Best wishes for a speedy recovery to Aroldis Chapman, who was hit in the head by a line-drive that some speculate was going over 110mph in last night’s Royals/Reds game. He seems to have escaped more serious injury, but man that was ugly. This, and the more expected news that Brandon Beachy will indeed have TJ surgery, would seem to cap a rough spring for pitchers and pitcher health.

Fun With Projected Standings

March 19, 2014 · Filed Under Mariners · 13 Comments 

Several sites have published 2014 projected standings, and Vegas has its over/under lines – can they tell us anything new about the M’s or the division chase? Ok, no, not really, but let’s just go with this anyway. Below is a table of the projected AL West win totals from BP’s PECOTA depth charts, Fangraphs’ Projected Standings, Clay Davenport’s version of same, and the Vegas line from*

2014 Projected Wins        
  PECOTA Fangraphs Davenport Vegas
Angels 88 85 86 86
A’s 84 85 90 86.5
Rangers 85 84 85 87
M’s 82 83 79 81.5
Astros 66 67 68 62.5

A few observations here:
1: Fangraphs has the division incredibly tight, with two games separating first from fourth. The M’s of course are one of the most improved teams in the league, but the real story is how much the top teams in the league come back to the pack. The Rangers’ runs allowed takes a big step back, thanks in part to injuries to Derek Holland and Matt Harrison. The A’s pitching depth helps them work around Jarrod Parker’s TJ surgery, but their offense falls back to earth (losing a half a run *per game*) in the Fangraphs projections. PECOTA is slightly more bullish on the A’s offense, while Davenport projects the A’s to be quite similar to the team they were last year. The Rangers’ projections are remarkably similar – either 84-85 in the projection systems, and slightly higher in the Vegas lines for bettors who might overweight recent win totals. The A’s and Angels – two teams who’ve posted such large variance between actual and projected win totals the past few years – have a bit more variation.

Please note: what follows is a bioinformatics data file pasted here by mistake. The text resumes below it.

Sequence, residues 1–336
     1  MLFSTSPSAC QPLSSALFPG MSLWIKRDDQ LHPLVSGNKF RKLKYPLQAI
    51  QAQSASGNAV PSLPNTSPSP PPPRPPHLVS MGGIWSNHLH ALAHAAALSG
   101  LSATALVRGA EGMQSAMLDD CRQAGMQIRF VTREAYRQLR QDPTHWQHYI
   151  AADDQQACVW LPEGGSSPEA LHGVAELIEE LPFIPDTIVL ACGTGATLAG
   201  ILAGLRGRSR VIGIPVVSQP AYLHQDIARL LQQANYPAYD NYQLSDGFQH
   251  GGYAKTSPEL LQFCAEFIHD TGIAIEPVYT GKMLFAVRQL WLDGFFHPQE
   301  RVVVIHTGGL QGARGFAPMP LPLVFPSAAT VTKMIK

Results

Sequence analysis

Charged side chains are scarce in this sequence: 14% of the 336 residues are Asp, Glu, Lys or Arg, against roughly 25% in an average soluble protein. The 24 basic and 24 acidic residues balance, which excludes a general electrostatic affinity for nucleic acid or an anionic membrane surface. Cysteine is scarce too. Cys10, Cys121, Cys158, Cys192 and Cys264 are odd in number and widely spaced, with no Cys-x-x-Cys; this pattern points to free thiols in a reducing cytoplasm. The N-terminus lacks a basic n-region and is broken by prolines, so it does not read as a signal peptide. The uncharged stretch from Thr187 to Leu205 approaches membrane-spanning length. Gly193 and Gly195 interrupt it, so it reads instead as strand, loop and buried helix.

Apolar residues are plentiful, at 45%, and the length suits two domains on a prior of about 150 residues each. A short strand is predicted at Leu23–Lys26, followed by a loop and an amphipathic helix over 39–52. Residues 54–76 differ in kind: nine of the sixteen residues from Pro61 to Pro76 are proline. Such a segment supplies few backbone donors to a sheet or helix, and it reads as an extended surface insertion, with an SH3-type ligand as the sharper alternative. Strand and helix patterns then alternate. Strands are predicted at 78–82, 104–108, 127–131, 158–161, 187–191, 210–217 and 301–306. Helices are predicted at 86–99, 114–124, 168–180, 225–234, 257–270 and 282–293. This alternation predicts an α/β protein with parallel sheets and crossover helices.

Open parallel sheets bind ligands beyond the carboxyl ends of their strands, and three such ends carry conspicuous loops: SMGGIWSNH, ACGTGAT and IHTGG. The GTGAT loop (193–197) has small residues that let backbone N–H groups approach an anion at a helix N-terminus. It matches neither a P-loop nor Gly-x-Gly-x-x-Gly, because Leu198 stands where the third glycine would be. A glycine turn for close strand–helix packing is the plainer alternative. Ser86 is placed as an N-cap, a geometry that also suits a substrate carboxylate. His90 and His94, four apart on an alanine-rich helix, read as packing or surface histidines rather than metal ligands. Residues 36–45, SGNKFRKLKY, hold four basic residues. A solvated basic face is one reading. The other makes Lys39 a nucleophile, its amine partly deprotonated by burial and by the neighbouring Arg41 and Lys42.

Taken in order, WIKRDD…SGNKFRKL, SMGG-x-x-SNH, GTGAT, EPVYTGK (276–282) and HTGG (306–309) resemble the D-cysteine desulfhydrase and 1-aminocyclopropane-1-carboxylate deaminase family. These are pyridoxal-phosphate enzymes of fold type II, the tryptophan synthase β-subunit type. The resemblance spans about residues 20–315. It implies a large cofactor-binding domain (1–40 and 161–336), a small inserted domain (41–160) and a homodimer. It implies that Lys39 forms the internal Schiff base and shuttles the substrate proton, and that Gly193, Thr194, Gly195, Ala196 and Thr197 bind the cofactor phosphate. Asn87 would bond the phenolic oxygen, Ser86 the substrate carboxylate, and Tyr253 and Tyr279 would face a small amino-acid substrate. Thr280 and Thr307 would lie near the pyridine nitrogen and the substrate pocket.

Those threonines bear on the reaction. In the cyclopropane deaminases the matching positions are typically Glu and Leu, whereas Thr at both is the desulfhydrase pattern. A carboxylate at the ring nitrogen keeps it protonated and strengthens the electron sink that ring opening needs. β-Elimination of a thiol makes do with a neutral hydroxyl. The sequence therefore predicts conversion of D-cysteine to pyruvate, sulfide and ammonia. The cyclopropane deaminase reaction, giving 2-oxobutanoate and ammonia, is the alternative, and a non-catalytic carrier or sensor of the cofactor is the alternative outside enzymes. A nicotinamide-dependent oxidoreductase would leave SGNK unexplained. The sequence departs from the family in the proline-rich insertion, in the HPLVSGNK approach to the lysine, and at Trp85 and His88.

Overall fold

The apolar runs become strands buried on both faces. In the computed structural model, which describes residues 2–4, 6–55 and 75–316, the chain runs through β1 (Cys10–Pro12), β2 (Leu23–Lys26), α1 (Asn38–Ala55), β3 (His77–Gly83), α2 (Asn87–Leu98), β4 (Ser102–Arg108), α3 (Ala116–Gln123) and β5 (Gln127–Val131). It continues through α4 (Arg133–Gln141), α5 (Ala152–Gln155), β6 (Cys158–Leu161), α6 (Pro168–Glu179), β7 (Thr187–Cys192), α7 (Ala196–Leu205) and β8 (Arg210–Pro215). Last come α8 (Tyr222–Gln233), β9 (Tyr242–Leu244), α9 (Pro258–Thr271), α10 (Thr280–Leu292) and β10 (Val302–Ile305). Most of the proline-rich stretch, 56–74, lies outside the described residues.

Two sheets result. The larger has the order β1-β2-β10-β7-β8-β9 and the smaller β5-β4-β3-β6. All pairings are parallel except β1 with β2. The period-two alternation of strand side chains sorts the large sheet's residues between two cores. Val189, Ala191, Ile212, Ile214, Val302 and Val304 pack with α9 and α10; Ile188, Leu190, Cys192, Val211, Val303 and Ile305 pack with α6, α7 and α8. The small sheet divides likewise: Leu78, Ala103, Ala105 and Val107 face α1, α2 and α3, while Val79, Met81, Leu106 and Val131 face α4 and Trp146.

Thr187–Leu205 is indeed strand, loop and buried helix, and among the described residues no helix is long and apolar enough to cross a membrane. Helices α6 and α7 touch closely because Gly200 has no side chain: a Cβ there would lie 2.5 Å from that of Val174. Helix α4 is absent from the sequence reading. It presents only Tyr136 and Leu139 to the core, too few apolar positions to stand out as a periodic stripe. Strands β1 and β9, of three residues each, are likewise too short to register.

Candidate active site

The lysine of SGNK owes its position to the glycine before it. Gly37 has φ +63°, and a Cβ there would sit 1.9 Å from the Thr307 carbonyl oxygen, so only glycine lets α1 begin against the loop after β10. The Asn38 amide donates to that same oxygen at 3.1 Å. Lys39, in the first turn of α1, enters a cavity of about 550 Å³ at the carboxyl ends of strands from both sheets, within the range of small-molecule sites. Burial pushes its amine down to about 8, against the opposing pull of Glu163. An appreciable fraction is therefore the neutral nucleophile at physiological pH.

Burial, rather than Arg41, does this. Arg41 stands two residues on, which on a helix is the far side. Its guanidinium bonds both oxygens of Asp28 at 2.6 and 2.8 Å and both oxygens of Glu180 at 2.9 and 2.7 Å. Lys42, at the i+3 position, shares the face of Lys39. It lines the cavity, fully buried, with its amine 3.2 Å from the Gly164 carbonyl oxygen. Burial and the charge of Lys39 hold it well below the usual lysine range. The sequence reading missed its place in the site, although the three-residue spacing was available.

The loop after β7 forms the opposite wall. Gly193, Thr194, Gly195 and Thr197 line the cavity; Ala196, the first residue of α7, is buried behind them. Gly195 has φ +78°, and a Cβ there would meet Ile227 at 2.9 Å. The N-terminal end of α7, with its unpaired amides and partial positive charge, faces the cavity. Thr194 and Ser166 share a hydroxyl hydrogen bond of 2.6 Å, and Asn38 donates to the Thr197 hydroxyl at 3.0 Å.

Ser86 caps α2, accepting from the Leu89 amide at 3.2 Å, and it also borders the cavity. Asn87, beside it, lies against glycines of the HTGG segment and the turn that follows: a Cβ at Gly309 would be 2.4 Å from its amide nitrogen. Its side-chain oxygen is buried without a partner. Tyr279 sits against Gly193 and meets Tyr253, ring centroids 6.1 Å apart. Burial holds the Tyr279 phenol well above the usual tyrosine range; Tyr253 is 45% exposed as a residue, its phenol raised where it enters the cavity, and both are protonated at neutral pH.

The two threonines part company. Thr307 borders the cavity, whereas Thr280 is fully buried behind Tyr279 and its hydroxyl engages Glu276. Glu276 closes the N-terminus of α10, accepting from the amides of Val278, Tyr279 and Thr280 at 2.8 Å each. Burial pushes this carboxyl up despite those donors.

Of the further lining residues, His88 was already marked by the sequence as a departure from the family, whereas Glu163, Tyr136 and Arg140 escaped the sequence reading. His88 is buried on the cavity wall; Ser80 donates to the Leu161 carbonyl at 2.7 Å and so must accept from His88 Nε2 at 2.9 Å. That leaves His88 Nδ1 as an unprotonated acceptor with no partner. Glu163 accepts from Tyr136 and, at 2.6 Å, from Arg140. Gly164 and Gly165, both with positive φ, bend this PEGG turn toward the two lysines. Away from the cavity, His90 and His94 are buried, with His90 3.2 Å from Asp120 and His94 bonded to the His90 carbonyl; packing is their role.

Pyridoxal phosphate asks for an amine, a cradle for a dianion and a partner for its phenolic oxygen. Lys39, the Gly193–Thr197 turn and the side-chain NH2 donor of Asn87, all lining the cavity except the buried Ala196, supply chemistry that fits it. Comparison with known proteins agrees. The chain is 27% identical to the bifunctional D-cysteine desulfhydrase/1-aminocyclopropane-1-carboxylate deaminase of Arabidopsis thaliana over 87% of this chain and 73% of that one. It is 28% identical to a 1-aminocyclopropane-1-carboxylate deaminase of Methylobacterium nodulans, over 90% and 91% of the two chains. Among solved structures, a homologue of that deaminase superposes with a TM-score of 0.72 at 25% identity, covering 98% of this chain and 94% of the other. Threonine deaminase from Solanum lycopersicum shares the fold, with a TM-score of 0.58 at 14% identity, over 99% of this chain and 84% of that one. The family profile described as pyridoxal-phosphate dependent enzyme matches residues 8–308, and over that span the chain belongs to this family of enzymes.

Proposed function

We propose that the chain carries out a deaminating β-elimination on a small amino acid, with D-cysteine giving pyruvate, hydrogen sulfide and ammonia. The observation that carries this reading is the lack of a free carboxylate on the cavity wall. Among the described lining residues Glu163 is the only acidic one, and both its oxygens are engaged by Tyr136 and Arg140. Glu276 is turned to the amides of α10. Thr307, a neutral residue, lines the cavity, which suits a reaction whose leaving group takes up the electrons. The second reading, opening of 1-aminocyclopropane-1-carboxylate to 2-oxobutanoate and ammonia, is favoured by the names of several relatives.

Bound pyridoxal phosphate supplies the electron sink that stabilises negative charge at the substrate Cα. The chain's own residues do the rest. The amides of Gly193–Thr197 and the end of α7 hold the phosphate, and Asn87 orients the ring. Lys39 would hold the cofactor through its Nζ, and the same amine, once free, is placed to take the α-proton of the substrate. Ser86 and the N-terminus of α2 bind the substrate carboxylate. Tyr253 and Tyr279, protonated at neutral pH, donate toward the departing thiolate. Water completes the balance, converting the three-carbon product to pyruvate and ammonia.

2: It’s great that the division’s so tight, but the M’s remain 4th in every iteration. The relatively small gap supports those who’ve argued that the M’s needed to make at least one more “big” free agent signing, especially after it became clear that the A’s and Rangers were falling back to earth. But the jumble of teams clustered around 81 wins (there are TWELVE teams on Fangraphs’ standings page between 80-84 wins. Stretch that to 80-85, and over HALF of MLB teams show up) shows that it’s not exactly a vote of confidence. Still: that there’s no yawning gap in talent is wonderful, and it’s something M’s fans have been hoping to see since getting blown off the field by Texas or Oakland repeatedly since 2010.

3: I’m struck by how *similar* the projections are on the M’s offense. About one run *per month* separates the pessimistic from the optimistic forecast. Thus, the action’s really on the runs allowed side, which makes sense given how young/unproven so much of the M’s pitching staff is. For the optimists, you see the M’s starters as the team’s secret weapon, and laugh at the projection systems’ misunderstanding of Paxton/Ramirez/Walker. If you’re a pessimist, this is exactly where an Ervin Santana could be really, really helpful. I should point out that nobody’s exactly pessimistic about the M’s pitching staff – the total runs allowed is expected to improve significantly in all projections. But while PECOTA and Fangraphs have it improving by about a half run per game, Davenport’s a bit less enthused. Again, the optimists will say that a half run per game spread over plenty of not-Maurer starts, and not-Carter Capps meltdowns is an eminently achievable goal. Pessimists will point out that the “up” forecast relies on a massive improvement in the M’s staff AND a simultaneous massive regression from the A’s offense. Optimists will argue that the gap isn’t that big a deal, because the M’s true talent was likely better than their actual RA would indicate; they weren’t great, but they were also unlucky – in part due to atrocious defense. Pessimists would say that the OF defense isn’t much better, with minor league corner OF Almonte now looking like the starting CF, with Corey Hart’s duct-taped knees replacing Mike Morse, and a full season of Brad Miller replacing half-Miller/half-Brendan Ryan at SS. All of that debating at least hones in on the importance of OF defense to the M’s runs allowed. The M’s were a terrible, terrible defensive team last year. They haven’t exactly addressed that need, but some regression plus some positioning help, and the RA gap feels a bit more doable.